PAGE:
The future is a murky place. No crystal ball has yet been invented that will tell you exactly what financial realities you will face in retirement. Today’s Millennials, GenX-ers and Baby Boomers are all approaching the zero hour with lots of questions. So many variables! Marriage, babies, divorce, bills, bonuses, job changes and the country’s shifting economy all play into the equation.
Without offering a rigid, one-size-fits-all solution, here are some ideas that you might consider as you contemplate the end of your working years:
Those in their 20s and 30s are at the entry end of careers, often straddled with student debt, credit card debt and high living expenses. Nevertheless, now is the time to start thinking about retirement savings. It comes faster than you’d suppose.
Consider saving 15 percent of your pre-tax income. Sounds like a lot. But that is the figure experts in the field say is necessary to have a health retirement.
Take advantage of ”free money” such as employer-sponsored 401k programs, which often offer a matching contribution to expand the benefit. If that seems too high a goal now, put whatever you can into a work-sponsored savings option or into personal savings. Look into profit sharing options if your employer takes this approach to helping employees to a healthy retirement. If you have to start small, plan to add a percentage to your savings each year until you reach the 15 percent goal.
Plan and budget conscientiously, not haphazardly. Keep your must-have expenses at a level not more than 50 percent of your take-home pay. Some items, such as housing, food, health care, transportation, child care and debt, can’t be avoided, but they may be flexible. Study your own circumstances and determine if there are places to cut, even if it means a little temporary sacrifice to make it work. Turn down the thermostat in winter, up in the summer, to save on heating and cooling. Buy groceries and clothing when they are on sale and brown -bag it to work. Minimize eating out.
Try to have three to six months of essential expenses in a savings account in case of an extended emergency. Think of a contribution to this fund as a monthly expense, not separate from other “musts.” After you have this three-to-six-month cushion, save for short-term expenses that pop up unexpectedly. Consider having these savings taken from your paycheck and deposited in separate accounts automatically.
Especially if retirement is some decades in the future, it gives you time to ride out the inevitable rises and falls in the stock market. Stocks have traditionally produced higher long-term returns than bonds and cash, despite the volatility.
Keeping a balance between accounts where retirement withdrawals are taxable and those where withdrawals in retirement are taxable and those where withdrawals are tax free can help manages taxes when you are living on that retirement income.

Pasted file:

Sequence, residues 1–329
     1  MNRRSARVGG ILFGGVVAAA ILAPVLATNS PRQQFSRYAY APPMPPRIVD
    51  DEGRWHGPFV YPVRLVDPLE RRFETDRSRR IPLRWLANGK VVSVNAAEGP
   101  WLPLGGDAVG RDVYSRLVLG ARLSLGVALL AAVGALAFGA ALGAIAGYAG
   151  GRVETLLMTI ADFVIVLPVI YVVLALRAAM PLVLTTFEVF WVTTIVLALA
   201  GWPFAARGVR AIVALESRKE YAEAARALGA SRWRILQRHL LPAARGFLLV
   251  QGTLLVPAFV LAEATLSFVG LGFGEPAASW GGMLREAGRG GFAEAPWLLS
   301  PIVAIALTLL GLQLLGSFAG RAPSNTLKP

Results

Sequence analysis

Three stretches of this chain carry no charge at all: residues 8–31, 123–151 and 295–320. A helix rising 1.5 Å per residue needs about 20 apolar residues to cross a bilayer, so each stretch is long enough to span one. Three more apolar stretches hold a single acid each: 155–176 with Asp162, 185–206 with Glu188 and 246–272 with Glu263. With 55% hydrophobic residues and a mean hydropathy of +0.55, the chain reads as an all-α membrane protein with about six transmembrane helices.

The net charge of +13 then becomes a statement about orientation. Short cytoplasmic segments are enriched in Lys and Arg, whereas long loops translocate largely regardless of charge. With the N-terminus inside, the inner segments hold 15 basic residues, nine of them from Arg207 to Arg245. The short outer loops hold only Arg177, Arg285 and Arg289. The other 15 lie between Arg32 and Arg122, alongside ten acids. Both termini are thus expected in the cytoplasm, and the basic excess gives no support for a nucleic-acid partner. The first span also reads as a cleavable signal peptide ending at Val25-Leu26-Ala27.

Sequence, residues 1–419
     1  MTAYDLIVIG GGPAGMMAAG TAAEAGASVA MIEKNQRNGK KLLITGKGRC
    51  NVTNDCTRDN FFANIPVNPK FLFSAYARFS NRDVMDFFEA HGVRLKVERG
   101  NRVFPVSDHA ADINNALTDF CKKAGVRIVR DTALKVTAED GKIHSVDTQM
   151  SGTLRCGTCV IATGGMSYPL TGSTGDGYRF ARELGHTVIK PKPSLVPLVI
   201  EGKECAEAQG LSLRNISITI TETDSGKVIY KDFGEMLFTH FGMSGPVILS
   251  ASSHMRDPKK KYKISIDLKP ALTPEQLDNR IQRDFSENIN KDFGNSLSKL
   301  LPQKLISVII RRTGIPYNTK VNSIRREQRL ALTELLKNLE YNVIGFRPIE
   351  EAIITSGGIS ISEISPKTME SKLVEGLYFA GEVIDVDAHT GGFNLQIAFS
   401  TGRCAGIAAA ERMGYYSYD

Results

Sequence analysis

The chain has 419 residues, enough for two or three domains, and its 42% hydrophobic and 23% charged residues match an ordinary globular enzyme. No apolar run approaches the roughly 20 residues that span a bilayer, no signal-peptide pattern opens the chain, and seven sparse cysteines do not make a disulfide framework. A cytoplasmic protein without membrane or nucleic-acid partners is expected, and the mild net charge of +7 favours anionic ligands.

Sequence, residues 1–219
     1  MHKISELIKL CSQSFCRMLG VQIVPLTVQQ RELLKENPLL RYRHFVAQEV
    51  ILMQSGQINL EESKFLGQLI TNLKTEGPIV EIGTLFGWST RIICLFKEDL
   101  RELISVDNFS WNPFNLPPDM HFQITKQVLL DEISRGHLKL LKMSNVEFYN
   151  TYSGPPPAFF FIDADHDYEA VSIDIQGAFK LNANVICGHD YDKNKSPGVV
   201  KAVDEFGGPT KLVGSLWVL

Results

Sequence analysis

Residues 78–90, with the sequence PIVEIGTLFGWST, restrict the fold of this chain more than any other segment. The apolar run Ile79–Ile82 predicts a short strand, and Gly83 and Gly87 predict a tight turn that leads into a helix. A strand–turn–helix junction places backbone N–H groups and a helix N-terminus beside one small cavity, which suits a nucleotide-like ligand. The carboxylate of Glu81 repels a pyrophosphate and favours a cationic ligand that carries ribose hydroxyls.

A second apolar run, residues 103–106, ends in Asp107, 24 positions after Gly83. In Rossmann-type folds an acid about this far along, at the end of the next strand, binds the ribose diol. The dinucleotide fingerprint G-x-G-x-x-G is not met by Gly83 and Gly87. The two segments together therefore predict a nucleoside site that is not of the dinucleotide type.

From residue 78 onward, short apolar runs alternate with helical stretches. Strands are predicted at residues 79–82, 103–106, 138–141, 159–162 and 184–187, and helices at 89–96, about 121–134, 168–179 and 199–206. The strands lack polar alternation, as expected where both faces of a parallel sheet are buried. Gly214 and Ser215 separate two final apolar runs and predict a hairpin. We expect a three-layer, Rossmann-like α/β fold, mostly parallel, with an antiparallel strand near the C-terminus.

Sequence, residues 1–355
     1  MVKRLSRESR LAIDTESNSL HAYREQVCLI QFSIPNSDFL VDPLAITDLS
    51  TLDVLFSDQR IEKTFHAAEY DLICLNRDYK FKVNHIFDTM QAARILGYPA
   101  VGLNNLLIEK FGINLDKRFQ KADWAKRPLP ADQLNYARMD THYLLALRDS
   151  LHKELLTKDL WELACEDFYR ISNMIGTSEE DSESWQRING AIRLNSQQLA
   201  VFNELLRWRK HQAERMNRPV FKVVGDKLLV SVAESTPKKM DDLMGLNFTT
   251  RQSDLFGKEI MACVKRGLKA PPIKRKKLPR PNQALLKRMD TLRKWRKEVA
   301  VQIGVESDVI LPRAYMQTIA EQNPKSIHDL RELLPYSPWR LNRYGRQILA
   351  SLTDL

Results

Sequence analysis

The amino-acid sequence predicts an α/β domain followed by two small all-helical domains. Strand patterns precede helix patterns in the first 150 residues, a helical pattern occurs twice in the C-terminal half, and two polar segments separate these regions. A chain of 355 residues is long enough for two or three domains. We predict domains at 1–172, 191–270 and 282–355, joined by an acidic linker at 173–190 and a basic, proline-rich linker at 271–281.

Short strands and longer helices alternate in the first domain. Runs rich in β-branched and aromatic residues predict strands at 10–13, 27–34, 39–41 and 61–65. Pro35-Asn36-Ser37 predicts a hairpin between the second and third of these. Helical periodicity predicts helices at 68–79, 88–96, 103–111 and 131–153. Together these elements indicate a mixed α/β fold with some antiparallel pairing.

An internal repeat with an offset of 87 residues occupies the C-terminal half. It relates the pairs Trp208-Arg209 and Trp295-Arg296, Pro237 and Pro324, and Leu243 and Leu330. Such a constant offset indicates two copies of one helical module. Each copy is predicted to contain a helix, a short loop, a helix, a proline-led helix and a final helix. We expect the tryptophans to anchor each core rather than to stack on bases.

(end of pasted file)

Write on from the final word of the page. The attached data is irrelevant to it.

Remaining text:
An annuity is one way to create a simple and dependable income stream that is guaranteed for as long as you or your spouse lives.
Since Social Security may be a significant factor in your retirement, make the most of the government’s program. The longer you wait to take out Social Security, the higher your monthly benefit will be. For instance, in a very simple example, a person retiring at 62 may receive $1,200 per month, while one who waits until age 66 to retire will receive $1,600. If you wait until age 70 in this scenario, the monthly benefit will be $2,112 per month. The average life expectancy for a woman now is 89 years.
Married couples should look at a number of options that would maximize their retirement income through Social Security. Divorced persons also may be able to claim a former partner’s benefit, if it is larger than their own.
Although there are many variables in trying to determine how much you need to have to live on after retirement, there is a general sense that between 55 percent and 80 percent of the amount that you earned is necessary. While some expenses you have routinely paid while working, such as savings, taxes and insurance, you may find that out-balanced by new expenses such as health care, travel and new insurances.
If you are coming close to retirement, make a detailed budget to see how your money will need to be re-directed. Check your expected expenses against all potential sources of income. Personal finance experts advise that you plan to withdraw not more than 4 percent to 5 percent of your retirement assets per year, adjusted for inflation.
It is essential to have an estate plan with clear directions about who is to inherit your estate when you die. Planning goes beyond a will. You may need expert advice to help you plan distribution in a way that will help your heirs to pay less in taxes, fees and potential legal expenses.
When retirement is a considerable way down the road, it is easy to minimize the importance of budgeting and saving and chafing to have to part with money you could spend making life better in the here and now. But thousands of elderly Americans who are now scratching their way through retirement will tell you that it is worth it.